This change did not at all suit the tastes of Dimitri Ivan'itch. He chafed under the new restraints, and as soon as he had gained the rank of lieutenant retired from the service to enjoy the freedom of country life. Shortly afterwards his father died, and he thereby became owner of an estate, with two hundred serfs. He did not, like his elder brother, marry, and "effeminate himself," but he did worse. In his little independent kingdom--for such was practically a Russian estate in the good old times--he was lord of all he surveyed, and gave full scope to his boisterous humour, his passion for sport, and his love of drinking and dissipation. Many of the mad pranks in which he indulged will long be preserved by popular tradition, but they cannot well be related here.
Dimitri Ivan'itch is now a man long past middle age, and still continues his wild, dissipated life. His house resembles an ill- kept, disreputable tavern. The floor is filthy, the furniture chipped and broken, the servants indolent, slovenly, and in rags. Dogs of all breeds and sizes roam about the rooms and corridors. The master, when not asleep, is always in a more or less complete state of intoxication. Generally he has one or two guests staying with him--men of the same type as himself--and days and nights are spent in drinking and card-playing. When he cannot have his usual boon-companions he sends for one or two small proprietors who live near--men who are legally nobles, but who are so poor that they differ little from peasants. Formerly, when ordinary resources failed, he occasionally had recourse to the violent expedient of ordering his servants to stop the first passing travellers, whoever they might be, and bring them in by persuasion or force, as circumstances might demand. If the travellers refused to accept such rough, undesired hospitality, a wheel would be taken off their tarantass, or some indispensable part of the harness would be secreted, and they might consider themselves fortunate if they succeeded in getting away next morning.*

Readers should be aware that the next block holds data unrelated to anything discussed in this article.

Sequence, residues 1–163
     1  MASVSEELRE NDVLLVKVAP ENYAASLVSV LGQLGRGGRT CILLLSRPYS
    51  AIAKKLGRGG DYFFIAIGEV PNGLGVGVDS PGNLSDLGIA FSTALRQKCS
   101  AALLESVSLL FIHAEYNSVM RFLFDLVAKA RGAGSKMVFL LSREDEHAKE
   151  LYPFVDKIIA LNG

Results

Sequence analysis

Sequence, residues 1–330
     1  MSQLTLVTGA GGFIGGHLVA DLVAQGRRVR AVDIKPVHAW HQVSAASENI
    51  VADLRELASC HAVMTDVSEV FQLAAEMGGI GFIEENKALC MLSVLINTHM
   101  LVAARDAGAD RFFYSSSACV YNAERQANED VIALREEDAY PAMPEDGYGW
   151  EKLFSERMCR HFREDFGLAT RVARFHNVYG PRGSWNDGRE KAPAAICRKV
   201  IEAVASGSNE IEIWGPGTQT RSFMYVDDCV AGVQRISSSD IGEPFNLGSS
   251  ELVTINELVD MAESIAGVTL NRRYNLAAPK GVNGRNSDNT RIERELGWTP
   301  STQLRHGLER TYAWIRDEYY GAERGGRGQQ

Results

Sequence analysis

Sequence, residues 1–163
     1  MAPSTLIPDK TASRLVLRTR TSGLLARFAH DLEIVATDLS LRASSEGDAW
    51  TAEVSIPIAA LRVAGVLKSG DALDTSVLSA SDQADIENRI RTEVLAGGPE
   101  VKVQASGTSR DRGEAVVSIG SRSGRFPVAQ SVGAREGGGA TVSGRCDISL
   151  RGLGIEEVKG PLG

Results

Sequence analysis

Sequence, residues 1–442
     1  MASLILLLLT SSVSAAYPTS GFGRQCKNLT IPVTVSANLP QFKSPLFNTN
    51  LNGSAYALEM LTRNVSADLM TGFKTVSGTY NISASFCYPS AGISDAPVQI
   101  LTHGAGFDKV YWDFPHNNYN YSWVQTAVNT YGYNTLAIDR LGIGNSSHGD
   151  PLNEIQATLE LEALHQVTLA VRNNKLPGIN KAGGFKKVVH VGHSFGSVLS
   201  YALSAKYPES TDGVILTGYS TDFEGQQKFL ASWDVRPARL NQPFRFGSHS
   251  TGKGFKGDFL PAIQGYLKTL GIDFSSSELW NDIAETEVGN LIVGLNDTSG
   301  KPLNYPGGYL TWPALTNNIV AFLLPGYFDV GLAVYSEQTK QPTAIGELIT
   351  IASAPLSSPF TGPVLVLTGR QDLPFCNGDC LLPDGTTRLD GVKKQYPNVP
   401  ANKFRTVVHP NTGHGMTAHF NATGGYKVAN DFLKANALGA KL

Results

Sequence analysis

* This custom has fortunately gone out of fashion even in outlying districts, but an incident of the kind happened to a friend of mine as late as 1871. He was detained against his will for two whole days by a man whom he had never seen before, and at last effected his escape by bribing the servants of his tyrannical host.
In the time of serfage the domestic serfs had much to bear from their capricious, violent master. They lived in an atmosphere of abusive language, and were subjected not unfrequently to corporal punishment. Worse than this, their master was constantly threatening to "shave their forehead"--that is to say, to give them as recruits--and occasionally he put his threat into execution, in spite of the wailings and entreaties of the culprit and his relations. And yet, strange to say, nearly all of them remained with him as free servants after the Emancipation.
In justice to the Russian landed proprietors, I must say that the class represented by Dimitri Ivan'itch has now almost disappeared. It was the natural result of serfage and social stagnation--of a state of society in which there were few legal and moral restraints, and few inducements to honourable activity.